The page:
Crew on a 160-foot superyacht sleep in tiny hidden cabins and only get paid about $1,400 a month – but the tips can be big

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The Ohana is a 160ft yacht based in Split, Croatia. googles
Earning about $1,400 a month, crew members on the Ohana say they often receive large tips.
It's important to get along well with your colleagues, the superyacht crew told Insider.
Working on a superyacht can be tiring, so the captain needs to understand crew requirements.
Sailing as a guest on a superyacht is an unforgettable luxury experience.
For the crew, however, it's a different story altogether: they have to spend months working very long days before sleeping in tiny cabins tucked away on the ship.
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Tea Kundić and Valentina Rijeka were two crew members who worked this summer on Ohana, a 160-foot superyacht based in Split, Croatia.
They spent six months hosting up to 30 guests and making sure everyone is happy from the first moment of the day until the last one goes to bed.
The crew cabins are tucked away at the rear of the main deck. Kundić and Rijeka each have their own en-suite cabins that they go to when their workdays are finally over.
The hidden cabins are located on the yacht's pocket. googles
Valentina Rijeka's dressing room.Sam Tabahriti/Insider
Rijeka, 30, is the latest addition to Ohana's crew, led by captain and owner Josip Šerka.
She receives a base salary of 10,000 kuna (about US$1,400), but guests tend to tip generously at the end of their stay.
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"Sometimes you get up to $1,000 more," Rijeka said of a typical tip after a seven-day charter.
Rijeka told Insiders that she's trying to save as much as possible to pursue her dream of opening a bar in Hawaii.
Šerka splits the tips equally among the crew and doesn't take a cut herself, according to the crew members.
Kundić, 24, described the captain as a "calm soul," adding, "He just cracks a few jokes and makes everyone happy."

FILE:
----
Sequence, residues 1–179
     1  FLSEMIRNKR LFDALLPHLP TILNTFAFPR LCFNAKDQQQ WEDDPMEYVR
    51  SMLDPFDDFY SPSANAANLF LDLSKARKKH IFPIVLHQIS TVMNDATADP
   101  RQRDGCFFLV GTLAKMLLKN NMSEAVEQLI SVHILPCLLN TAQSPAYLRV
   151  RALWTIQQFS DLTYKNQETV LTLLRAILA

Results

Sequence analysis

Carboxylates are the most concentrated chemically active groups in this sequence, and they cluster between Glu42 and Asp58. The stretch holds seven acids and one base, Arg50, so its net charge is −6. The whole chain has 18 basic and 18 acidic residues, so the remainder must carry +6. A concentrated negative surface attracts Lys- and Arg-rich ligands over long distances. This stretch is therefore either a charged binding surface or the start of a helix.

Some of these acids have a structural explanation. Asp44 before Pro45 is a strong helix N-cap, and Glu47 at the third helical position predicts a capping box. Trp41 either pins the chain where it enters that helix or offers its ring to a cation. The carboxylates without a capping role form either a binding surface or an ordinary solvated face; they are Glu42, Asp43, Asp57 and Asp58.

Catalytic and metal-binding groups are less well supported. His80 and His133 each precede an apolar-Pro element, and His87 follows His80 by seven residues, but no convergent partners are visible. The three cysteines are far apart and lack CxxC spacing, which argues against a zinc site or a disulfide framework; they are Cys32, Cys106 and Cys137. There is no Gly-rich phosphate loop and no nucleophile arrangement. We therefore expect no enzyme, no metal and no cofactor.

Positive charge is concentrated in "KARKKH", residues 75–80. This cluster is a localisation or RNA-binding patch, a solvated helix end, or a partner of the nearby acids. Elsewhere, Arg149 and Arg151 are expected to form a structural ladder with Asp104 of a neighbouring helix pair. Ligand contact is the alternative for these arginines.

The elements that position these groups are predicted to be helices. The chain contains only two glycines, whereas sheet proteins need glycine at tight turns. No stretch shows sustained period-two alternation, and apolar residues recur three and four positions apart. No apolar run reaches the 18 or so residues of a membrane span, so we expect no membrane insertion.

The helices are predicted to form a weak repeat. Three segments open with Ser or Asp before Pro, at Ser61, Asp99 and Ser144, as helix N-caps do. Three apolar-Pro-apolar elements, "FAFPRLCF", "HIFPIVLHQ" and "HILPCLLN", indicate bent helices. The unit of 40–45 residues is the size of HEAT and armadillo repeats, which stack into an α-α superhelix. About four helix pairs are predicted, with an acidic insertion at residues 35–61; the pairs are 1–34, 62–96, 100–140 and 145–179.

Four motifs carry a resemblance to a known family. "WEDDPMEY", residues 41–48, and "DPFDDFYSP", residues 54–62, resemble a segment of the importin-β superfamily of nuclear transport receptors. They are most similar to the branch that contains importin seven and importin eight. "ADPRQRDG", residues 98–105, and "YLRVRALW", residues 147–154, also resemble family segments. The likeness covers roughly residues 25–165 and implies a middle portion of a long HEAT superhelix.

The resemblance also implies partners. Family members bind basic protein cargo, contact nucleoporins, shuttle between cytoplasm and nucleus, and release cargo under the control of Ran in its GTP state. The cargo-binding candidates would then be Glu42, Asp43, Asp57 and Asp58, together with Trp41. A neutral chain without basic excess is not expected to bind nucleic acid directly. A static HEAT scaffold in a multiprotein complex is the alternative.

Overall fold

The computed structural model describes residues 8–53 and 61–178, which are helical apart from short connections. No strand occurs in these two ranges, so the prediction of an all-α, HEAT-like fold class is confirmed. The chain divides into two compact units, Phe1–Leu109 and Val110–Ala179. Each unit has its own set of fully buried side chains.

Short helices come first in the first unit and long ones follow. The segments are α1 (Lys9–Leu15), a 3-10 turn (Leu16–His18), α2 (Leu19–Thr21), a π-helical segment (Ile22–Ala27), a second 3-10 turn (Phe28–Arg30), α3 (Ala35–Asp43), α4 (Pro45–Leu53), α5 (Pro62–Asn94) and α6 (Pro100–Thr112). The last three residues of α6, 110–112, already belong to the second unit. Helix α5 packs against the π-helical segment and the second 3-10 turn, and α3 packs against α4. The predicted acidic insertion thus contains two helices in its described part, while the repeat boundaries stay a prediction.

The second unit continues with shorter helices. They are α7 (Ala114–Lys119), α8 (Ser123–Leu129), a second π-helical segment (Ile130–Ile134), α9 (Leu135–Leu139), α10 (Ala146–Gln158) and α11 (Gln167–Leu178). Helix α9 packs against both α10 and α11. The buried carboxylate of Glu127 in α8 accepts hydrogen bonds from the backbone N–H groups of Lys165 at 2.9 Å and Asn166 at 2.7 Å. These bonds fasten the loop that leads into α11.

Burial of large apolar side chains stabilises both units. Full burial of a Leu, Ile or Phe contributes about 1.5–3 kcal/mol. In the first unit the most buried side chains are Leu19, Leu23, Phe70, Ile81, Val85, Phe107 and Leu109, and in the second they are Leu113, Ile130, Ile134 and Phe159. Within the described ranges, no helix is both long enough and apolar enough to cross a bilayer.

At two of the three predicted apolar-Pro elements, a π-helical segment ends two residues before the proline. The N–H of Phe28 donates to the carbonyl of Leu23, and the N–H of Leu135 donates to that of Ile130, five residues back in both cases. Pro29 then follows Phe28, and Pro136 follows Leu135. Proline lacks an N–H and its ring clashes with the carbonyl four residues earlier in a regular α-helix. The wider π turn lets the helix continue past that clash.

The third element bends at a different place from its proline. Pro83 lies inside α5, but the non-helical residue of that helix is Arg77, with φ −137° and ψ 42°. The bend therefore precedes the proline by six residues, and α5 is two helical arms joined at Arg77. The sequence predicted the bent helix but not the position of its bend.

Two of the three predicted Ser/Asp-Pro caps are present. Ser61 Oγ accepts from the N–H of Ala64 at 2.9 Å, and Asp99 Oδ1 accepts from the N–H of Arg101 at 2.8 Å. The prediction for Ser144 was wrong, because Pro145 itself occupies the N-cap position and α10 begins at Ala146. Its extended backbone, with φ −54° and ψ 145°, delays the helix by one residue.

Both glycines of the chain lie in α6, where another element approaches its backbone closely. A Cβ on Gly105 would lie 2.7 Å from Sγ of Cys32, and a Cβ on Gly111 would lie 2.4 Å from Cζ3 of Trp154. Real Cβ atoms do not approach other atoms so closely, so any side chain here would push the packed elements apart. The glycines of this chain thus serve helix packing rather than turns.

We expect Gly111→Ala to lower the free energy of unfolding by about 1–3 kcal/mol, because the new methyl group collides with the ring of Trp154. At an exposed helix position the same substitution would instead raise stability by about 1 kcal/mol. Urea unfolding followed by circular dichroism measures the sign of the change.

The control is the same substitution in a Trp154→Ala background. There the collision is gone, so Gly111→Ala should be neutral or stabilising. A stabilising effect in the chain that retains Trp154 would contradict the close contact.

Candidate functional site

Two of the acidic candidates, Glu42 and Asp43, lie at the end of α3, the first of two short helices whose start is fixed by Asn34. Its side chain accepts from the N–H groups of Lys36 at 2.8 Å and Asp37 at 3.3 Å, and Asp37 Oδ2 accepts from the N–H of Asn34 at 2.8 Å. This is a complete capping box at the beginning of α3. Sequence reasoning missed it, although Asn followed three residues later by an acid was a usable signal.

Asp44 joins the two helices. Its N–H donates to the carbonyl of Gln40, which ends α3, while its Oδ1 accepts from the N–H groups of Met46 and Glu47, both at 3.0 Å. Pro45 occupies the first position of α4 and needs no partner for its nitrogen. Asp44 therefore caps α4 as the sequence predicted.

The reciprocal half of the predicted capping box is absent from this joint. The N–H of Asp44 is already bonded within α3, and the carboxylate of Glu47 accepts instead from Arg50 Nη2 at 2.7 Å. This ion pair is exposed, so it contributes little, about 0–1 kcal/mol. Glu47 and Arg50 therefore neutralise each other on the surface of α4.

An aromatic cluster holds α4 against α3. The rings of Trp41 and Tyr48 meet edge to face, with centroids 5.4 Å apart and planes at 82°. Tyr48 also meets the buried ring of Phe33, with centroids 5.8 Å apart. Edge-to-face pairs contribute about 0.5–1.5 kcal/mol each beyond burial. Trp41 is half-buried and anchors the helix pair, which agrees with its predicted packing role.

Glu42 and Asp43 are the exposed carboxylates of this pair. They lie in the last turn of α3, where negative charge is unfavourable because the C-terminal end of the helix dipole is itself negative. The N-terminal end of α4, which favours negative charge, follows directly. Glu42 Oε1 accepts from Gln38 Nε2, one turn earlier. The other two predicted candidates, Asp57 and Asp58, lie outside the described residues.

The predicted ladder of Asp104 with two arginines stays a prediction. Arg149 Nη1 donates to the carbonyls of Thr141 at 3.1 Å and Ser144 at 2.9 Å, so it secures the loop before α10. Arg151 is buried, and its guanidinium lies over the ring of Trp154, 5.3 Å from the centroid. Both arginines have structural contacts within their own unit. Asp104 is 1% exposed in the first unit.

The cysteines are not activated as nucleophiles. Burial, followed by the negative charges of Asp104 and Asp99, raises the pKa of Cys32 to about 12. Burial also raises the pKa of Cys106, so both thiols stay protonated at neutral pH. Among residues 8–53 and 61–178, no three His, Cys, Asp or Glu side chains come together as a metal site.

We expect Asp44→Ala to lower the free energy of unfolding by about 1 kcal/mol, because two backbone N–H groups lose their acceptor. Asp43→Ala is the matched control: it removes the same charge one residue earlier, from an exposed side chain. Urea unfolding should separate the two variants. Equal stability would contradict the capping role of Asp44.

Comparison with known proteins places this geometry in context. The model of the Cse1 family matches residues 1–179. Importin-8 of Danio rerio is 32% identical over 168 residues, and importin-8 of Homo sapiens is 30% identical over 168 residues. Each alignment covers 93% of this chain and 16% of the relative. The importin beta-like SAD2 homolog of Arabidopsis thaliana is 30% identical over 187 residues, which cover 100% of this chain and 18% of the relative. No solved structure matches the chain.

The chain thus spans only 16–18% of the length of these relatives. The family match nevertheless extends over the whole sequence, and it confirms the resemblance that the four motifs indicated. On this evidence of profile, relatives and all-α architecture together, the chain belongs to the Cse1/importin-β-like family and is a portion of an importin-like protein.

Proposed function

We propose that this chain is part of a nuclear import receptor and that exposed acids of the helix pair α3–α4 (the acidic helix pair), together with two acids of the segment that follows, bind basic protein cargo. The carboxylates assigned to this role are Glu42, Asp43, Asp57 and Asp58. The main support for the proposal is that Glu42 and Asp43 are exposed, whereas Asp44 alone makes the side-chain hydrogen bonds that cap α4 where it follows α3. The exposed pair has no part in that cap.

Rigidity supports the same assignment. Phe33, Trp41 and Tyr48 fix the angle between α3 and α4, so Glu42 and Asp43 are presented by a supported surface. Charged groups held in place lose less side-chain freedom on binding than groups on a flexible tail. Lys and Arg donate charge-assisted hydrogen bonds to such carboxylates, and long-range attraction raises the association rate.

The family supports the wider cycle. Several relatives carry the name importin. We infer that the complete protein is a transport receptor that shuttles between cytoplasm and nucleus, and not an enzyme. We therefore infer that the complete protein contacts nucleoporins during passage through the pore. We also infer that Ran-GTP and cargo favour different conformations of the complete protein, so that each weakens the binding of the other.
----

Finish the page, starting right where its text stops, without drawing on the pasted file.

Valentina Rejika (left) and Tea Kundić serve the guests of Ohana.Goolets
The captain's right-hand man Zoran Vidović, 39, told Insider that working on a superyacht can be very enjoyable, but it's also often quite tiring. That's especially true when young people charter the yacht because "they just want to party," he says.
He recalls an incident where the crew was preparing to weigh anchor when some guests jumped into the water near the propellers: "You have to be there - you always have to think about safety."
Another skill is getting along with the other crew members, Rijeka says, "because you're sitting with the same people for months." It's important to "respect each other's boundaries" and give people space when they need it, adds added Kundic.
It's also important that everyone feels supported, she says: "Living on a boat for six months is a completely different life than being on land."
Šerka knows exactly how his crew feels because he was in their shoes before becoming captain.
"I've worked as a seaman, as a waiter in the kitchen - I've tried everything, so I know how difficult it is," he says. "I want to be the boss I wish I had when I was doing those jobs."
Read the original article on Business Insider

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